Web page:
Kenneth Feinberg, who administers the $20 billion fund formed by BP to compensate people for losses from the gulf oil spill, is offering what amounts to a signing bonus to entice more victims to give up their right to sue BP or other companies involved in the disaster.
Kenneth Feinberg, who administers the $20 billion fund for victims of the spill, meeting with gulf area residents in August.
People who have already received emergency payments and do not intend to ask for more money from the fund can sign the final release can get paid for doing so — individuals will receive $5,000 within 14 days of signing, Mr. Feinberg said, and businesses will get $25,000.
“Every single claimant will have a choice,” he said. “They ought to fit the choice to their own situation.”
Last month, Mr. Feinberg closed off applications for the first phase of the fund: the emergency payments to people and businesses.
He moved into the second phase of final payment, where people who do not want to pursue lawsuits will be able to settle for an agreed amount of past and future losses from the spill. That agreement comes with a final, lump-sum settlement, but also a promise not to sue BP or others involved in the spill.
To ease the transition, Mr. Feinberg announced at the time, victims of the spill could file for quarterly payments that, like the emergency payments, carry no limitation on the right to sue BP later.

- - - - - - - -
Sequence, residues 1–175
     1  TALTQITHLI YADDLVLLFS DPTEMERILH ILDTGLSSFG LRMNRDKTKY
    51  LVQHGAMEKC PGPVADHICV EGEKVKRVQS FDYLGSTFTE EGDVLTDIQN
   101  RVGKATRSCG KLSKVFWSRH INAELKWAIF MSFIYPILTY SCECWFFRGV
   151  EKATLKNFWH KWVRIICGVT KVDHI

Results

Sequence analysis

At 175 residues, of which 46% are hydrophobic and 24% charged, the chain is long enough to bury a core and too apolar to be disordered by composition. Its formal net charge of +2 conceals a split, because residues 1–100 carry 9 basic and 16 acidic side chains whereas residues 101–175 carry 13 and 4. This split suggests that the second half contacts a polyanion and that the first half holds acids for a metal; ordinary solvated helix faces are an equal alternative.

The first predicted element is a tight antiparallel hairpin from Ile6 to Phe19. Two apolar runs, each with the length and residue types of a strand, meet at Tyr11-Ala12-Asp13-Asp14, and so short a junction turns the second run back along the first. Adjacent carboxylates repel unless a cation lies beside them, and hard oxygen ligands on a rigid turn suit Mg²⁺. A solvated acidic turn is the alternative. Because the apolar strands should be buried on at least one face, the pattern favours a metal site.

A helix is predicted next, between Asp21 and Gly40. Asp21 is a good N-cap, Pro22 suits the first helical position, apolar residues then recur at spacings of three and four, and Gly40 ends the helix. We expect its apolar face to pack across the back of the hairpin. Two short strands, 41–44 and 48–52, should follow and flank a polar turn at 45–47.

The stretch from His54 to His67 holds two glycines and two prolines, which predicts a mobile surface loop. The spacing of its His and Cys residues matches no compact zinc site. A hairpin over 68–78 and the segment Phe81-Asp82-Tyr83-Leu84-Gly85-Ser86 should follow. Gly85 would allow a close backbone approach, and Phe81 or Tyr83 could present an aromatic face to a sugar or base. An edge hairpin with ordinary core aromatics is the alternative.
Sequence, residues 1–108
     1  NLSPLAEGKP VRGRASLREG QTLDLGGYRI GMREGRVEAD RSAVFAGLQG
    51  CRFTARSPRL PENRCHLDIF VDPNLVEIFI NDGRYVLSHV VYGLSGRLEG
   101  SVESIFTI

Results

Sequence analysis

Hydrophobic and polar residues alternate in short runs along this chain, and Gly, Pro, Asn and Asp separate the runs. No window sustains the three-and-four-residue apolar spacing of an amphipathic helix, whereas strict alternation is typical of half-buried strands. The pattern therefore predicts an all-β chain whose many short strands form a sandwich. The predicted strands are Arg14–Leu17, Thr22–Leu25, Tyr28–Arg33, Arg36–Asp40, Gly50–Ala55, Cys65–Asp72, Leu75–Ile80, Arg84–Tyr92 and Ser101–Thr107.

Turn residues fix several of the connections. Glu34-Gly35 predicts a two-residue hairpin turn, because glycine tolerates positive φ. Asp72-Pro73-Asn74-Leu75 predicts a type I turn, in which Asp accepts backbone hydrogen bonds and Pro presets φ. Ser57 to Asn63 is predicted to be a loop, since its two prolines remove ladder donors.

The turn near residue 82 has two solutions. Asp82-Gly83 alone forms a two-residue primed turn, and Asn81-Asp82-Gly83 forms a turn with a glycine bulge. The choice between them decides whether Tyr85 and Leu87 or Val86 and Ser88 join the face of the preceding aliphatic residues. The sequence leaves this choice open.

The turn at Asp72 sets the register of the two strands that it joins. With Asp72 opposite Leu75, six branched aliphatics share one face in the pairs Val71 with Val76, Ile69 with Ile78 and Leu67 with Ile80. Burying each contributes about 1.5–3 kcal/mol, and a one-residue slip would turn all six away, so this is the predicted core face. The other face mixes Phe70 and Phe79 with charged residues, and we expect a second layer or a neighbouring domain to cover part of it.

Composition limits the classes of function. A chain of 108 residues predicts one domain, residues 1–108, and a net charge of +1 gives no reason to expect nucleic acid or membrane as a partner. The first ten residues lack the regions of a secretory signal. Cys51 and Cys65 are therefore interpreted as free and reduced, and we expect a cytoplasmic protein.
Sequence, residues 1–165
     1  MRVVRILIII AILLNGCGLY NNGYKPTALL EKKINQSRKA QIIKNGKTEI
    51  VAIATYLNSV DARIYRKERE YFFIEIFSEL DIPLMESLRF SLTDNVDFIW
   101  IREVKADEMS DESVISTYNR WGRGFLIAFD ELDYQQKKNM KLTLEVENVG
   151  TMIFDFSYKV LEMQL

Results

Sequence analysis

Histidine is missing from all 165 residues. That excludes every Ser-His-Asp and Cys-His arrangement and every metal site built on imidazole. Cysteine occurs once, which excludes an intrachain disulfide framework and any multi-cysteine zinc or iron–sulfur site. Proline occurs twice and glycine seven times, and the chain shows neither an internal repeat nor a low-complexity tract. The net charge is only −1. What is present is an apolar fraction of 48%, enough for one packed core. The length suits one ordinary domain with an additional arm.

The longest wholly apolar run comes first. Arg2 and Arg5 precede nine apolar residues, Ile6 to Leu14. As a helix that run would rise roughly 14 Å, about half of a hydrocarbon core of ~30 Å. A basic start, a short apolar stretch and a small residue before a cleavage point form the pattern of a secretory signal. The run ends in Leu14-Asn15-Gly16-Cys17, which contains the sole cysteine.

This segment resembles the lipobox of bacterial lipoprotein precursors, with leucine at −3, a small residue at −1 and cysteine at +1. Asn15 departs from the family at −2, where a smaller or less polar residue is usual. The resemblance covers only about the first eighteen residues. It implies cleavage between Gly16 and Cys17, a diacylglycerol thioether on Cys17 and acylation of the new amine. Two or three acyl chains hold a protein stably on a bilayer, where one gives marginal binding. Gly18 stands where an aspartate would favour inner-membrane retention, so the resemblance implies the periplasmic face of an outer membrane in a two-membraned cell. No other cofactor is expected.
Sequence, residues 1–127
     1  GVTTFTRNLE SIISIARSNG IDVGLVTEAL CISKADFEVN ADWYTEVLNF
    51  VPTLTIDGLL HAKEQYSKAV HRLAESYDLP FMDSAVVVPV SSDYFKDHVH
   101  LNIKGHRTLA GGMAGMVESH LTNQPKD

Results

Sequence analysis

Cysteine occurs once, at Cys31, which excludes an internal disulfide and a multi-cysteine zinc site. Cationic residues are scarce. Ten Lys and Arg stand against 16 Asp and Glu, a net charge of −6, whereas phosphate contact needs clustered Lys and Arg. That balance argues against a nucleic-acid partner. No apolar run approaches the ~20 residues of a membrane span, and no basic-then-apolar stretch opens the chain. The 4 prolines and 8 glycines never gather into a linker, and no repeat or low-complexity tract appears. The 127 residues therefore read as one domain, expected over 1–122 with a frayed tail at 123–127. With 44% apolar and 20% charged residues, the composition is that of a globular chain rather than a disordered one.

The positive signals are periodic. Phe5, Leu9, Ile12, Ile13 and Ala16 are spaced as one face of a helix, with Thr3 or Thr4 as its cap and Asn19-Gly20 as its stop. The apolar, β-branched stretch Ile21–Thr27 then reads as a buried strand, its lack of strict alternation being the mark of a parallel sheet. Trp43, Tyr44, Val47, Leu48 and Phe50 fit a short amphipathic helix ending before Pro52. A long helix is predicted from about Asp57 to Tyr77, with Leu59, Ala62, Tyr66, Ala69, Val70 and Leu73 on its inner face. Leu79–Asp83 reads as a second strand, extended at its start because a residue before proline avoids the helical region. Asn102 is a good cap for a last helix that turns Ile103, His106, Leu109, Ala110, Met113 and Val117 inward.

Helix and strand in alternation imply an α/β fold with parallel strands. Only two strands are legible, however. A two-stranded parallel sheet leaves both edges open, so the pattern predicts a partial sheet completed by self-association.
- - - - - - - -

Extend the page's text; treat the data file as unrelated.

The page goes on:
Mr. Feinberg said he was planning to make the official announcement on Monday of the additional signing-bonus wrinkle to the final settlement plan. “This is simply a way to close the file in their own particular circumstances and move on,” he said.
He suggested that the likeliest candidates for the payment might be those who had received emergency funds and had determined that their losses have already been fully covered by the BP fund, or who believe they will not be able to properly document further losses.
To help them make that decision, he said, his team will make free legal advice available and will add to the staff at local centers for the fund to help people fill out their forms for final claims.
The Department of Justice urged Mr. Feinberg last month to clear its backlog of claims by Wednesday. Mr. Feinberg said his team had met that goal, paying about 164,000 claims out of more than 450,000 filed.
That means that more than 200,000 others were denied, mostly because of poor documentation or no documentation for their claims at all. Some 2,000 of the claims are “very suspicious,” Mr. Feinberg said, and many of those have been referred to law enforcement agencies, which last week began issuing indictments.
Mr. Feinberg said people who had been denied emergency claims would have the opportunity to gather more thorough documentation and file for permanent claims.
“One size does not fit all,” he said. “Every claimant should carefully consider your options.”